Friday, 11 May 2012

Ikea - Swedish for 'Frustration'?

Trying to focus on my love for Scandinavia after a disappointing experience with Ikea.
The love began..well I'm not absolutely sure actually, but I have always loved tales of cold lands, candlelit windows; and I especially love the beginning of The Witches (by Roald Dahl) film - although not the ending because that's just plain wrong, but that's a whole other gripe.

Anyhoo, my love deepened following a trip to Copenhagen with the Best Beloved.  Oh my sweet lord, I actually cried on the train leaving the city - not big ol' heaving sobs, but tears nonetheless. 

Total, total love...(sigh).

But listen to me!  Digressing all over the place!

Ikea - man I love that shop - the choice, the style, the fact that it can be as cheap as chips...
but... is soooooo vexing when you take a day off specially to make the trip and it ends up fruitless.
(We seem to be just over an hour's drive from EVERY Ikea the country - if England was a bicycle wheel, and at the end of every spoke was an Ikea - we'd live on the blimmin' hub.)

An excuse to post another pic of the Hound
Our children are school age - so we have a relatively limited window in which to make these trips, Best Beloved does not have unlimited Annual Holiday, and our Dog is a bit poorly so I don't like leaving her for very long. 
Not an insignificant amount of planning is involved in these little ventures.

So, as I make my shopping list the day before,  I am thrilled to note that the Ikea website offers a Product Availablity Facility! 

Great Hammer of Thor, this is convenient with a capital C.

A quick check tells me that our 'local' store has plenty of 'Inserts with Door - White' in stock.  Hooray!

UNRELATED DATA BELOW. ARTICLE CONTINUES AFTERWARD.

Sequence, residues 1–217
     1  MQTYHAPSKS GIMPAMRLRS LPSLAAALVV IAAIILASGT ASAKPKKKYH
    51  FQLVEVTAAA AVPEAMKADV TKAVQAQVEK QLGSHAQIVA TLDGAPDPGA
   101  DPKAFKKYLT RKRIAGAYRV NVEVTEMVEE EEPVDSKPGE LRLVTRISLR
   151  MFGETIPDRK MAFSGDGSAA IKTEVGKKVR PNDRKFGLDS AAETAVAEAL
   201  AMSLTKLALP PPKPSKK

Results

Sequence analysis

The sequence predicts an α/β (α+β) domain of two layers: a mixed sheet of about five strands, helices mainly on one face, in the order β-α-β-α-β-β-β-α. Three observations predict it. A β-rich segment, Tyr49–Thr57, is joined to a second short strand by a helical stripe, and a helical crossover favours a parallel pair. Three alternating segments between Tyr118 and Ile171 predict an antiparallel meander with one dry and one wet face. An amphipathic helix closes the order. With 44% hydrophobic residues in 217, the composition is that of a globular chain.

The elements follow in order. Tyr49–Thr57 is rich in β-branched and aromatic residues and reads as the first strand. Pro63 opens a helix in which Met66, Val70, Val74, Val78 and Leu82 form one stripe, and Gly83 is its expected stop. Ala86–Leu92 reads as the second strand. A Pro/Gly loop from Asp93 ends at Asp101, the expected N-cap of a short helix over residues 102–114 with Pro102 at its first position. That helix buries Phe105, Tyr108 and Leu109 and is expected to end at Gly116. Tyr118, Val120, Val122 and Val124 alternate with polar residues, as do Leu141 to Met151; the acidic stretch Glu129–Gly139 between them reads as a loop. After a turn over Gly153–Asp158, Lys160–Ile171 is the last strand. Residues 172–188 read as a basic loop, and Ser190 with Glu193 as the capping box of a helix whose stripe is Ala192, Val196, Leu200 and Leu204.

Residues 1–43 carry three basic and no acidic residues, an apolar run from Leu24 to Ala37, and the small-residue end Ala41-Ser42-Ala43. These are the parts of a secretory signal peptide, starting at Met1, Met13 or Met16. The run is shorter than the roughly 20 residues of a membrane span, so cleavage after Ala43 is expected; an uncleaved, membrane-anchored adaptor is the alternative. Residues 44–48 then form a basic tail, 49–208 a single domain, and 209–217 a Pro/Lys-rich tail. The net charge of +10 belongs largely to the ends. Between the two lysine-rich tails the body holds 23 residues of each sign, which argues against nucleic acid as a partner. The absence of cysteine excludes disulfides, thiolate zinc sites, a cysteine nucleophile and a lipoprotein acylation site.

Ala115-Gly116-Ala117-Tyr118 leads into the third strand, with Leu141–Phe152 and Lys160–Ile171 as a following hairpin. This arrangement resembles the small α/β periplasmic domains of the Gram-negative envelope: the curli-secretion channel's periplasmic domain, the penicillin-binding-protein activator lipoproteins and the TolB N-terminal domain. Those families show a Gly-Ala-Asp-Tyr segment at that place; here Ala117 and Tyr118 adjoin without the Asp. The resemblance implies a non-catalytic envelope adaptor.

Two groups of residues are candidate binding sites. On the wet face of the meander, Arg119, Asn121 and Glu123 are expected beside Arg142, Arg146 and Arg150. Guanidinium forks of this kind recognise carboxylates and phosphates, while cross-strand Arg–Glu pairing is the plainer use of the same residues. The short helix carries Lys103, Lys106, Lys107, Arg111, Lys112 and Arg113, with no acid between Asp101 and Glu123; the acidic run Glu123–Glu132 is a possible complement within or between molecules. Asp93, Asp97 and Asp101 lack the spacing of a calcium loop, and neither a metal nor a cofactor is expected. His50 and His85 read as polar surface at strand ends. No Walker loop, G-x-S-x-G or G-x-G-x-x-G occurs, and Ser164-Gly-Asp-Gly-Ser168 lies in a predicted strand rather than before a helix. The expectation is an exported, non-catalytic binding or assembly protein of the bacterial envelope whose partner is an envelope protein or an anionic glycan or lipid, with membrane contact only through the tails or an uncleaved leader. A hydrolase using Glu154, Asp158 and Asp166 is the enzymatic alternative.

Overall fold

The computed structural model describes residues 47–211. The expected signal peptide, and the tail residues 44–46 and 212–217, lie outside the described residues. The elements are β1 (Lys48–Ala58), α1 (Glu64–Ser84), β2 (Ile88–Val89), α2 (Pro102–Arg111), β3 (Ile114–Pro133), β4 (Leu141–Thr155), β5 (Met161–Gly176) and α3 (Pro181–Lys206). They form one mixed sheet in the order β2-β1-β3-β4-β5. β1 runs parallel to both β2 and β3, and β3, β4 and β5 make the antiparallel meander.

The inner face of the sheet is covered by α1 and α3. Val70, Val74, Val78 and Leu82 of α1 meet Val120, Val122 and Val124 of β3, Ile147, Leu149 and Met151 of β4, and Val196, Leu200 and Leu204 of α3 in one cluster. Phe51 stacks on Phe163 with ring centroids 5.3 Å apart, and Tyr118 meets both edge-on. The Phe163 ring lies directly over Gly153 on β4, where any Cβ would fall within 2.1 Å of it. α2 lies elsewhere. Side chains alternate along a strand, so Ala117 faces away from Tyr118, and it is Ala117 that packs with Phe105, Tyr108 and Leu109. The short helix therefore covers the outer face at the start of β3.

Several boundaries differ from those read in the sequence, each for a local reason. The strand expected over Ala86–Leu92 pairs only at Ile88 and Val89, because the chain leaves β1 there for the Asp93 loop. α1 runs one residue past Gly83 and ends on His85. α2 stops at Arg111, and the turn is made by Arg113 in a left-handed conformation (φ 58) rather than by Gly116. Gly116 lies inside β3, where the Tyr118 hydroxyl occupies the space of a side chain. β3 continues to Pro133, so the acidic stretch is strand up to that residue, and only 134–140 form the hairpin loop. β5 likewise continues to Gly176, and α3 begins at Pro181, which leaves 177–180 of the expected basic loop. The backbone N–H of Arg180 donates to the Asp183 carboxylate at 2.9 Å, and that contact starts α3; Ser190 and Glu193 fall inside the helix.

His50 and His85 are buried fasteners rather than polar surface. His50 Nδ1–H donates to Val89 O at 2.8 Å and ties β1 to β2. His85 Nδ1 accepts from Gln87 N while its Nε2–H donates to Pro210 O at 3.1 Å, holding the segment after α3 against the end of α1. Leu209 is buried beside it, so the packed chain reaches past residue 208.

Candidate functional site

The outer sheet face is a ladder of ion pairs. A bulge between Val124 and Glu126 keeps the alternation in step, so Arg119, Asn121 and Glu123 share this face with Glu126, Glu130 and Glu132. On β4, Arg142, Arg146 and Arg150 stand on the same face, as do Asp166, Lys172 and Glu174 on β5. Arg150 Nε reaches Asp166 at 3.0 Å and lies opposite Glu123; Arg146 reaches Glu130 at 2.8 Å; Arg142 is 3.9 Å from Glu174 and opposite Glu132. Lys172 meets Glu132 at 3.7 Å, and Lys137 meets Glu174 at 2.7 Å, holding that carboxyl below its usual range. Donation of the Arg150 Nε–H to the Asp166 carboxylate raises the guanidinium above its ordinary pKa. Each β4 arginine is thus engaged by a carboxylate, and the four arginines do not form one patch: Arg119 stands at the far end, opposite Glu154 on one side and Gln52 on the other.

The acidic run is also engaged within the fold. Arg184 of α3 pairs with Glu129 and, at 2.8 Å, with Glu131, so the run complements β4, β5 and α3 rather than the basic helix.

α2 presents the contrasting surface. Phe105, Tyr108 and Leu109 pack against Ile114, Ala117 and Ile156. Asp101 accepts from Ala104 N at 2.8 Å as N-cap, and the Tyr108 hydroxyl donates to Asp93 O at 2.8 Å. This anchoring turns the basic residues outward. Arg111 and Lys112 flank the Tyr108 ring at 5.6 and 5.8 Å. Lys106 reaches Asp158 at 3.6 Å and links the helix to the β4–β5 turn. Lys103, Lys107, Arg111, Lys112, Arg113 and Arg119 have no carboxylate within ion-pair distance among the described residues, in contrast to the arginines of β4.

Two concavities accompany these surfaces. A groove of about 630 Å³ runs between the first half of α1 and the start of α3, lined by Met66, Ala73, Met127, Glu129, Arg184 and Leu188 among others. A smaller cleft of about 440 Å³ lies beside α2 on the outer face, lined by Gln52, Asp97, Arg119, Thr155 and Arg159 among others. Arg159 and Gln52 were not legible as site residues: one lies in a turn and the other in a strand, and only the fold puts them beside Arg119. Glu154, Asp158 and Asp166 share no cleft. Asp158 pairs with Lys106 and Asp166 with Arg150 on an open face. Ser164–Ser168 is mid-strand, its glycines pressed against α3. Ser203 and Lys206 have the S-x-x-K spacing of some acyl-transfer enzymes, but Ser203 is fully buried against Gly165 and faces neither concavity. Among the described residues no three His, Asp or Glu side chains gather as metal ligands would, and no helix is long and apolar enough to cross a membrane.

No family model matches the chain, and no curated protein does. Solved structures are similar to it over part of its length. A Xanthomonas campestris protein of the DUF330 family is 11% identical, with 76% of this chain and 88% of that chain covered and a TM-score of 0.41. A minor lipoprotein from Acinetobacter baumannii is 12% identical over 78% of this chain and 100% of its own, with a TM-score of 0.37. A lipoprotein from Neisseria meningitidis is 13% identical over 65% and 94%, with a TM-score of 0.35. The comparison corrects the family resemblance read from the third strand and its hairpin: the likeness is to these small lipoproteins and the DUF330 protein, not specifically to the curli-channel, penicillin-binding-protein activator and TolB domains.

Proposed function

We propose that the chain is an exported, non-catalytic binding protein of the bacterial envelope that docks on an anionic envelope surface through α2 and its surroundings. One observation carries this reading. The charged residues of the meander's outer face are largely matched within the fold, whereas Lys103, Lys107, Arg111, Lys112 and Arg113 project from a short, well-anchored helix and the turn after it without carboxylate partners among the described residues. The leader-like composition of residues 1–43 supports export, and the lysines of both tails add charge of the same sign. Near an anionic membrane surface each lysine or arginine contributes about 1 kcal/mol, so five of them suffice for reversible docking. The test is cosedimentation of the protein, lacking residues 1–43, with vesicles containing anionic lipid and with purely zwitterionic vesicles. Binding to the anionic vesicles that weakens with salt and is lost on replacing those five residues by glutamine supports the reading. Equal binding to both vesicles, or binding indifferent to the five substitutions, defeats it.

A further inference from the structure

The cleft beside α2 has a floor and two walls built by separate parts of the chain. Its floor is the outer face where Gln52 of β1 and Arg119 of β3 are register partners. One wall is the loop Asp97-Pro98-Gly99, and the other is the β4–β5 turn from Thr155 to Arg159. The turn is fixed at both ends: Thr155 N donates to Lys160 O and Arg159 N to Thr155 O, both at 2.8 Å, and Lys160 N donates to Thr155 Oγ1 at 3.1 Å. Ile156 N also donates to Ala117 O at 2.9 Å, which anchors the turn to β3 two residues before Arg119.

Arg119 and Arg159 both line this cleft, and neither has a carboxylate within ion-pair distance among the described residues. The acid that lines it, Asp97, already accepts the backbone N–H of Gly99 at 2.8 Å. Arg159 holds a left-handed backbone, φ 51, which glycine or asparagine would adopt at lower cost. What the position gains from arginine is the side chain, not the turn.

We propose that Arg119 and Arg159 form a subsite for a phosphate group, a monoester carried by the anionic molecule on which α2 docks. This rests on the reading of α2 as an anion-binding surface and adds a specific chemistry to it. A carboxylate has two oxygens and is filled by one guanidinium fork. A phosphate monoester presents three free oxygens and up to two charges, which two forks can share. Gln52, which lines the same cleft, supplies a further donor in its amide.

Or 'Hooray!' as Google Translate informs me it is in Swedish. (In fact, I urge you to try this out -there is a listen icon so you can hear the word.  The English 'hooray' sounds entirely sarcastic and bored, and the Swedish one has 4 syllables!  Unless that's just my could just be my computer...)
But again, I digress...

So, off we pootle to our nearest (ha!) store and are thrilled to see our IwD - W displayed just about everywhere. 
On reflection this may have been a bad sign.  Methinks they may have put ALL of their stock of  'Inserts with Door - White' on display - for the warehouse, like Old Mother Hubbard's cupboard, was completely bare.

What the?!?  What about the Product Availability Facility? It said there was loads!

BB, who knows about these things, went in search of a 'Co-Worker' (what is that about?) to find out if the IwD-W were on their way to the warehouse. 
The very helpful chap disappeared for 10 minutes and came back with the information . . .

'They are on a pallet somewhere, it's just nobody knows where'.

Oh, that's okay then.  We just did AN HOUR AND A BIT'S DRIVE on the basis that the stuff was IN STOCK, when it turns out it's just ON A 'PALLET SOMEWHERE'!